Thursday, 12 August 2010

We should seek guru only within ourself

A friend recently wrote to me asking:

My question is about the role of the teacher. When you read about spiritual practice it seems to me that most writers consider the intimate contact with a living (enlightened) teacher to be necessary. Since I don’t have a teacher and I can’t see how to meet one anytime soon (living in a small town far away from anyone in the least interested in atma-vichara) these writers create a nagging doubt in me. Am I just fooling myself? Should I just give up and live my life to the best of my ability and try to be ‘normal’?
In reply to this I wrote as follows:

People who talk of the need for a ‘living’ guru have clearly failed to understand the true nature of guru, and when they have failed to understand this they also fail to understand the true role of guru.

As Sri Sadhu Om used to say, guru alone is living, and we are all dead. That is, guru is the one ever-living reality, and we who have forgotten this reality are in effect dead, because we take this mortal body to be ourself.

Sri Ramana always emphasised that guru is not a body but the eternal self, and since self is immortal, guru is by definition ever living.

If by ‘living’ guru we mean a person whose body is living, we are mistaking a body to be guru. Such a ‘living’ guru will one day be a dead guru, so what is the use of such a guru for us, who seek immortal bliss?

You say that you understand how to practise atma-vicāra. How did you come to understand this? Was it not by studying the teachings of Sri Ramana? Is it not clear then that he is your guru?

Guru is ever living in our heart as ‘I am’, so to experience him as he is we must turn our attention inwards, away from all outward appearances. The only reason why guru appears outside in human form is to teach us the need to turn within and discover that he is none other than our own essential self. When he has given this teaching, the body in which he appeared has served its purpose, so when we have read his teachings we no longer have any need of any outward guru (other than his teachings to remind us and support us whenever our effort to turn inwards falters).

If we go in search of another ‘living’ guru because the body in which our guru appeared is dead, that ‘living’ guru can do no more than give us the same teaching: to find the real guru you must turn within. But if we have failed to understand this simple teaching from Sri Ramana, how can any other guru help us?

Belief in the need for a ‘living’ guru will only appeal to those whose mind are strongly extroverted, still believing that the appearance of this external world and all the people in it is real. But if we have understood Sri Ramana’s teachings, we will not feel any need for any outward help other than his teachings.

If his teachings have not convinced us that we can experience the truth only by vigilant self-attentiveness, the only help we can receive from the outside world is the repeated disappointment we will inevitably experience from all our efforts to find the truth in anything other than our essential consciousness of being, ‘I am’.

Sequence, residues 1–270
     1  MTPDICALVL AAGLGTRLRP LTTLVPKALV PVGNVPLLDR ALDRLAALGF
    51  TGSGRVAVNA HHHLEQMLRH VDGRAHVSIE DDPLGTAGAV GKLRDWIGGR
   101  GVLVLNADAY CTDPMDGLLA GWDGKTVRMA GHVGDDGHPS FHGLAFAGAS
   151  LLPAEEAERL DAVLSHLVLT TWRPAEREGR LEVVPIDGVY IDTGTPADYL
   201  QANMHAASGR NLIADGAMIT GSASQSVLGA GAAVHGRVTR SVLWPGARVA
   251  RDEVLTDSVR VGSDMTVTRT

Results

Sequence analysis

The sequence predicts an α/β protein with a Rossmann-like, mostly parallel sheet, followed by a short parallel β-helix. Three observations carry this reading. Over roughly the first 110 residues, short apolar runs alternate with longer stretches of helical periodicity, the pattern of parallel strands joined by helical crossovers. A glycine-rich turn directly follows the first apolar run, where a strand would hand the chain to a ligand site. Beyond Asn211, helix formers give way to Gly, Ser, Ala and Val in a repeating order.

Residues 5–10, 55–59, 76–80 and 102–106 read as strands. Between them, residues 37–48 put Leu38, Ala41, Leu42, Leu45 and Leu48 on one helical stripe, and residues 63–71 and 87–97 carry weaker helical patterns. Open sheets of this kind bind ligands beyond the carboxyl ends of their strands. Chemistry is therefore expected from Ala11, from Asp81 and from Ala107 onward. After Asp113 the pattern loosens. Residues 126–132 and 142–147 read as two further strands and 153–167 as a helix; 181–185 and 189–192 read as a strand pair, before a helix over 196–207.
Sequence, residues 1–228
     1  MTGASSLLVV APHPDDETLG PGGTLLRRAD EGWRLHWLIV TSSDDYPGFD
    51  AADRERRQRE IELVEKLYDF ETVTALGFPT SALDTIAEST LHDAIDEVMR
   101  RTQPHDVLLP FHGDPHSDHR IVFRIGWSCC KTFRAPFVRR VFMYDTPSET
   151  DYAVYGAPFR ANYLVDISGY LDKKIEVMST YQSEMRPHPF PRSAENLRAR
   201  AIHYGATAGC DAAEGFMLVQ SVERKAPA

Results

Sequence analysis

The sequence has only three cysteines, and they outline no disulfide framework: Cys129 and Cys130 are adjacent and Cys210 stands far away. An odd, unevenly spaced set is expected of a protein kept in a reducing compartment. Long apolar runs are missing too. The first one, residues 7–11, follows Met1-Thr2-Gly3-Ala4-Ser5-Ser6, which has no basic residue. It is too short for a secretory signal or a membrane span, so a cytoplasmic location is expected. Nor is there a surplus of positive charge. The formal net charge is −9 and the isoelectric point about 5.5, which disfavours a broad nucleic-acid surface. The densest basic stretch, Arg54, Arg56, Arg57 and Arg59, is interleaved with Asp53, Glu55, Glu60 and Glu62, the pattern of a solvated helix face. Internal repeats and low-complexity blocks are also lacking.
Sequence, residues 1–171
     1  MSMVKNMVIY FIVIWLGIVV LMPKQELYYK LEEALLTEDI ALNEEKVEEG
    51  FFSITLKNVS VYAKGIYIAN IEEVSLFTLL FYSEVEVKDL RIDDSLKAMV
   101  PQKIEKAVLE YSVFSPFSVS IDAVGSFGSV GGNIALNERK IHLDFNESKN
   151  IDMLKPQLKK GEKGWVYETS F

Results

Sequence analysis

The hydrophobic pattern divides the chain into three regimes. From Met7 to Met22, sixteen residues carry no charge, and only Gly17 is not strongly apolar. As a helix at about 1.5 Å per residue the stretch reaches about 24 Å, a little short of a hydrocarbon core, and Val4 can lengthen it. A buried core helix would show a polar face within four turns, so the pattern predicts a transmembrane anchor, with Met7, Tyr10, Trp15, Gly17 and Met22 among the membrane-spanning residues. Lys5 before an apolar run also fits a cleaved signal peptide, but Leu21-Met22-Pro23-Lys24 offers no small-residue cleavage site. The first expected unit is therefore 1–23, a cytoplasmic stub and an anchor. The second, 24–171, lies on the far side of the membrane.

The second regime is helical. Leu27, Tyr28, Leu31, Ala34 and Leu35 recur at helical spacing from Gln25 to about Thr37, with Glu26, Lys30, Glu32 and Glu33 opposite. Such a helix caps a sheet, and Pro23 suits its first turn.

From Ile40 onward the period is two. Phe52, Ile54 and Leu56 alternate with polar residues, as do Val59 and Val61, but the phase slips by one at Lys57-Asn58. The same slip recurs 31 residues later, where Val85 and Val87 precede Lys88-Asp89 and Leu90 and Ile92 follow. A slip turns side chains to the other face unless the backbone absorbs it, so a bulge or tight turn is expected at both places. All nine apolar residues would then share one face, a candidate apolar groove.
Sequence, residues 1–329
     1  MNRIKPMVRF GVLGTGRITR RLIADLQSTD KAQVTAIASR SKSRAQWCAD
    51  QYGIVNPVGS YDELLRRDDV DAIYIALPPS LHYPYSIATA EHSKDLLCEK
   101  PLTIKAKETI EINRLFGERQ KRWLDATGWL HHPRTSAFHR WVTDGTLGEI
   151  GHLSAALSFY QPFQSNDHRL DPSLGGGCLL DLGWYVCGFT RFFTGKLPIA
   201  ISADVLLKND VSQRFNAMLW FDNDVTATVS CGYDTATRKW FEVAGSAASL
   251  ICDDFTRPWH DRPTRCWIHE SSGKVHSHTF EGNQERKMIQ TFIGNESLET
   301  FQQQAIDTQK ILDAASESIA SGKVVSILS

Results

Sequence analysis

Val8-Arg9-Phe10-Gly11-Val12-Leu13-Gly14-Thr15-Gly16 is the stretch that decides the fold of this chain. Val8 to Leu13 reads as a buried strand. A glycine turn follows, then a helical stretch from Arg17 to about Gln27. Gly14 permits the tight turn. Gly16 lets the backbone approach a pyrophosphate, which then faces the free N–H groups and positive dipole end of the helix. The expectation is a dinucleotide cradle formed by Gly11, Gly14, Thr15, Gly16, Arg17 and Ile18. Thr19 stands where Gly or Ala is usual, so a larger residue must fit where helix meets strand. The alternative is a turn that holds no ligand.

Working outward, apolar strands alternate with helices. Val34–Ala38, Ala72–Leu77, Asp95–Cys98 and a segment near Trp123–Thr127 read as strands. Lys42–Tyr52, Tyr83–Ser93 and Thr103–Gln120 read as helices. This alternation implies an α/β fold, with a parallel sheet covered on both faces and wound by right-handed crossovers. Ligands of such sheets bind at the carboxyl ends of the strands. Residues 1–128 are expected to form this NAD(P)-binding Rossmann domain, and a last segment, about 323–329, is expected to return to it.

You are certainly not fooling yourself by trying to practise atma-vicāra, which alone can reveal the reality, but you would be fooling yourself if you were to imagine that a ‘living’ guru could provide you with any help that has not already been provided by the teachings of Sri Ramana.

He is in our heart, giving us all the help we need, so we should avail ourself of his help by turning our mind inwards and thereby lovingly surrendering ourself to him.

In this connection, you may also find it helpful to read three other articles in this blog, Where to find and how to reach the real presence of our guru?, Is a ‘human guru’ really necessary? and Let us not be distracted from following the real teachings of Sri Ramana.

26 comments:

Anonymous said...

Dear Michael,

I am surprised that you would take this position. Ramana clearly stated that for the VAST majority, both the inner and outer Guru is necessary.

What I'm about to say might be sacrilege to many seekers, but it came to mind and may have some speck of truth - or not.
Ramana came to Thiru to be with his Guru (Arunachala). Seekers came to Thiru to be with Ramana. Ramana life the body 60 years ago!Isn't it high time to start searching for another living realsied Guru? The Guru might be in Kansas, Liverpool, or downtown Chennai. Wherever it may be, go there and surrender at the Guru's feet, in the same way that Ramana did to Arunachala, and seekers did to Ramana while he was alive.

If Ramana appeared tomorrow for a one-time only darshan, I can imagine him saying "Hey, wake up, you came here to be with Ramana when he was alive, but Ramana left the body 60 years ago! Arunachala is not your Guru. Ramana is not your Guru. Start looking, wherever it may lead you. Find a living realised Guru and surrender. That Guru and I are One. The body and face that you call Ramana was and is not important. Arunachala and I won't be hurt if your journey takes you away from Thiru. We only want you to go forward to Realisation."

Now that would shake up Thiru and the Advaita world! A good strong dose of crazy wisdom to shake things up and get the stagnating waters moving again.